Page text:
Northland Nature: Roadside leaf colors beginAs we step into this new month of September, we enter a time of shortening daylight. Sunrise is now at about 6:30 a.m., while setting is at 7:50 p.m.
By: Larry Weber, For the Budgeteer News
As we step into this new month of September, we enter a time of shortening daylight. Sunrise is now at about 6:30 a.m., while setting is at 7:50 p.m.
These 13 hours and 20 minutes of light rapidly lessen through the days and by the end, after the autumnal equinox, the bright time of day is less than the dark.
The response to this change in nature is overwhelming and cannot
go unnoticed by the passerby.
Birds that have been gathering in restless flocks and family units lately are more on the move now. A trip to Hawk Ridge any day at this time will give us grand views of various raptors flying by, but also moving songbirds, geese and even migrant insects.
We usually think of the monarch butterflies when it comes to southbound insects in September and, yes, they do fly by even though this season seems to have been a slow one for them.
But another insect, the green darner dragonfly, is also migrating. Indeed, I think some days they may appear to outnumber the raptors at Hawk Ridge.
Migrants of another type can be seen as we move into autumn as well. In the next several weeks, snakes will be traveling overland to be in the area of the sites where they hibernated last year.
Besides the migration, more is happening. Late season insects and spiders use these days to reproduce before the chill moves in. Fruits, berries and nuts have been reaching maturity and ripening. Fall wild flowers of sunflowers, asters and goldenrods proliferate, slowly forming new seeds.
And the leaf color advances more each day during this scenic cooling month.
The heat and dryness of late August has influenced the plants; and even with this spring’s foliation being later than normal, the defoliation, the leaf drop, may actually be earlier than the usual time.
While walking and biking during the last days of August, I saw plants of reds and especially yellows from the roadside foliage. And now, in early September, I expect this leafy scene to intensify. We watch the arboreal colors each year and we never seem to get tired of the show.
Though colors can vary from red to purple to orange to gold to yellow, it is the first and the last of these, the reds and yellows, which are most common. Any observer of nature will notice in the woods of September and October that yellow leaves far outnumber the reds.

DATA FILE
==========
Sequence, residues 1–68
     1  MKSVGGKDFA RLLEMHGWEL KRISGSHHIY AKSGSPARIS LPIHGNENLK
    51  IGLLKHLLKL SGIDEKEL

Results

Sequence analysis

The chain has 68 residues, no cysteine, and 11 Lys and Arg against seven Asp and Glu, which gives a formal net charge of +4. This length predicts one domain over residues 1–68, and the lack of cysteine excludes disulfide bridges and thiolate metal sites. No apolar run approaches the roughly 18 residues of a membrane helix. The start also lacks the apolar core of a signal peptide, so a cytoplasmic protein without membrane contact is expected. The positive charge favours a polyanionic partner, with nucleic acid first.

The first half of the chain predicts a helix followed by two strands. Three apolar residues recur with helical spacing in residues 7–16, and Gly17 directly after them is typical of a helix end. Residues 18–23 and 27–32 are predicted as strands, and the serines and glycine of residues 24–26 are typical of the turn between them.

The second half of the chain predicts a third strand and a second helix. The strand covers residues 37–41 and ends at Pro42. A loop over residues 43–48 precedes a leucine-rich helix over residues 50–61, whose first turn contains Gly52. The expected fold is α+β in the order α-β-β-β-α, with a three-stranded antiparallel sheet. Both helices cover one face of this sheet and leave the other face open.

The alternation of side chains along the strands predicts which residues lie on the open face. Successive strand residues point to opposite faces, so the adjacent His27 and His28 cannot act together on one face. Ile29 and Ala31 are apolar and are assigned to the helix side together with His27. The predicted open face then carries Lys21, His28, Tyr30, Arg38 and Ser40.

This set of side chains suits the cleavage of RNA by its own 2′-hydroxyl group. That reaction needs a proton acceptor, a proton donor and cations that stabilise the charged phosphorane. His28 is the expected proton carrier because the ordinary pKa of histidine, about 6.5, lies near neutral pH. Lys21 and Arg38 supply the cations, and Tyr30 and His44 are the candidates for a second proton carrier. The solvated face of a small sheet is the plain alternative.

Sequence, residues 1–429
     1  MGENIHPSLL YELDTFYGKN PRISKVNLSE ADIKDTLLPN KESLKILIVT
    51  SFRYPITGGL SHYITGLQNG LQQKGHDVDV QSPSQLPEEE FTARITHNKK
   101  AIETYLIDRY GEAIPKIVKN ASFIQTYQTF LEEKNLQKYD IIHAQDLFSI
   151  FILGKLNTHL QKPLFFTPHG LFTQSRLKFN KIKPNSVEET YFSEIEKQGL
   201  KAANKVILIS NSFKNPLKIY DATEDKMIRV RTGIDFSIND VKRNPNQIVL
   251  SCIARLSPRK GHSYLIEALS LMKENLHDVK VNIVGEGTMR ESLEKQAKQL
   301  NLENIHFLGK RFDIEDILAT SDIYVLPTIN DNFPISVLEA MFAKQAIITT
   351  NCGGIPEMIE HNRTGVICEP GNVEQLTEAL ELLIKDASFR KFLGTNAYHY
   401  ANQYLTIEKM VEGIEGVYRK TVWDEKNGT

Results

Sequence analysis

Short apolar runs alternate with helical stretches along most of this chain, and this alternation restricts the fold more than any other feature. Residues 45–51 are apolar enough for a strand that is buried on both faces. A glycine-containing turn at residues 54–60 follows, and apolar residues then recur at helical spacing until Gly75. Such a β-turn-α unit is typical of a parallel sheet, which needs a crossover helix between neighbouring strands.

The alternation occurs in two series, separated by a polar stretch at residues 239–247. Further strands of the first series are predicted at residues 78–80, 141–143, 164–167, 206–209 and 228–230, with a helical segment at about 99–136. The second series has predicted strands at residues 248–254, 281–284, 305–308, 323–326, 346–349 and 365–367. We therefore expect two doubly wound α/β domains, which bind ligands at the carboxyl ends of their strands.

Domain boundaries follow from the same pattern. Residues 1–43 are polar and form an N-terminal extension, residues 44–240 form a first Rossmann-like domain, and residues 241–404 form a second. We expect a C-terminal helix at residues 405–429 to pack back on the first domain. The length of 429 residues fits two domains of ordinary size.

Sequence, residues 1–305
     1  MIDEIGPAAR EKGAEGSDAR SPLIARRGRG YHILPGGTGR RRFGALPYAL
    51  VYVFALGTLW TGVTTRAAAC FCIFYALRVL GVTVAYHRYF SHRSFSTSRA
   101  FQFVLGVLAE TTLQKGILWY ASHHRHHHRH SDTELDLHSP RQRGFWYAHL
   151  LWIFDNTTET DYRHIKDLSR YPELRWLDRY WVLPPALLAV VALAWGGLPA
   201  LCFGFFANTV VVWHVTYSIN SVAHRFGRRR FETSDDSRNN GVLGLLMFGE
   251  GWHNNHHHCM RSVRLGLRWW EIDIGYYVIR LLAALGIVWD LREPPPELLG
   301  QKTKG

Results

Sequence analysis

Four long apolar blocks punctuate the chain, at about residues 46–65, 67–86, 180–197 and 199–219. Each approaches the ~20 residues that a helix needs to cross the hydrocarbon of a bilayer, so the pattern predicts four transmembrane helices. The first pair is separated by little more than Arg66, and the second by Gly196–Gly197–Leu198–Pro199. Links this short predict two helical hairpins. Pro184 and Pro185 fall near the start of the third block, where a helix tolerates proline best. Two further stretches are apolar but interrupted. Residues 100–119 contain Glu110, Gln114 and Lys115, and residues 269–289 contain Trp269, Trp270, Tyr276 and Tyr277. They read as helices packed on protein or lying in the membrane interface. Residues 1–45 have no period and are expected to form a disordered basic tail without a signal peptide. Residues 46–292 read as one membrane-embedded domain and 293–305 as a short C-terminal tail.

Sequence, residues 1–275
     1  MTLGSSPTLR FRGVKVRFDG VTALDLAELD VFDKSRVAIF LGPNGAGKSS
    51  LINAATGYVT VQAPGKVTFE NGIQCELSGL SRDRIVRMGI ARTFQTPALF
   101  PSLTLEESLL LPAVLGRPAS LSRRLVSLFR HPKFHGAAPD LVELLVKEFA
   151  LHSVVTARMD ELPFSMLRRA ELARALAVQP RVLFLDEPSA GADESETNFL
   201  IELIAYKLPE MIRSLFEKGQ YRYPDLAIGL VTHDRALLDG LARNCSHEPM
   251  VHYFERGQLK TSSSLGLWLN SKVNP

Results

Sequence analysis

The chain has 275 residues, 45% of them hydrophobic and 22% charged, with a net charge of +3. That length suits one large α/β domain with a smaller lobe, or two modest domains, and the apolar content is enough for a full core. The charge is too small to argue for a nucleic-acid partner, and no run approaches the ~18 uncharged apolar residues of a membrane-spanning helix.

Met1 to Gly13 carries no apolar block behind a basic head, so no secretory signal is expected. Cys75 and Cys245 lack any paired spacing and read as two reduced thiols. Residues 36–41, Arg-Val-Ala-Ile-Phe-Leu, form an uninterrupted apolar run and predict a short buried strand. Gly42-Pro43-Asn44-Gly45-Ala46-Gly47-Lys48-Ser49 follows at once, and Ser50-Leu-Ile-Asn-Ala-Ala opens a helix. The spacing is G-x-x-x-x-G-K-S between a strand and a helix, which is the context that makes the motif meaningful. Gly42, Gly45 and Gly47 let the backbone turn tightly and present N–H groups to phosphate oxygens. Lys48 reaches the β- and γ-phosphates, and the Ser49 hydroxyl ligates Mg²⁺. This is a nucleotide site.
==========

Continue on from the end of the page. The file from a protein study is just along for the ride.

The yellow pigment, xanthophyll, was in the leaves all summer, but covered up by the dominant green color, chlorophyll. The shorter days influence the plants to break down the chlorophyll, allowing the yellows to be seen.
The red, anthocyanin, is a pigment manufactured by the leaves from excess sugars. It is therefore not as common as yellow. I find that red leaves are in trees at the woods edge or roadsides where ample sunlight allows it to be formed, rare in the shaded sites.
Also the temperature and moisture impacts the colors.
Some trees that are already starting to form red leaves are maples, dogwoods, sumac and the vine Virginia creeper, all in sunny locations. Yellows are appearing in the leaves of birch, poplar, aspen, cherry and maples with a tint of color also seen in ash, box elders and basswoods. Some of the birch, poplar and aspen were also dropping leaves, probably a response to the heat and drought.
However, along the trails that I walked and biked, the most yellow came from plants that were not trees. Several smaller and non-woody plants were lighting up the edges. Of these, two kinds were most common: milkweed, and its cousin dogbane.
Back in July, the milkweeds and dogbanes sparkled from these same sites with numerous pink and white flowers. The plants bloomed well this summer and the blossoms attracted a variety of insects, especially butterflies called fritillaries.
With pollination, the flowers faded to form seed pods and the leaves, no longer needed for food making, lost chlorophyll and became yellow. Were it not for this slow glow presently in the trailsides, we would not know how abundant dogbane is.
But now as we start this amazing month of September, we’ll do so with yellows and reds from some plants quick to change from the green of summer, and they tell us of what is to come.
Retired teacher Larry Weber is the author of several books, including “Butterflies of the North Woods,” “Spiders of the North Woods” and “Webwood.” Contact him c/o firstname.lastname@example.org.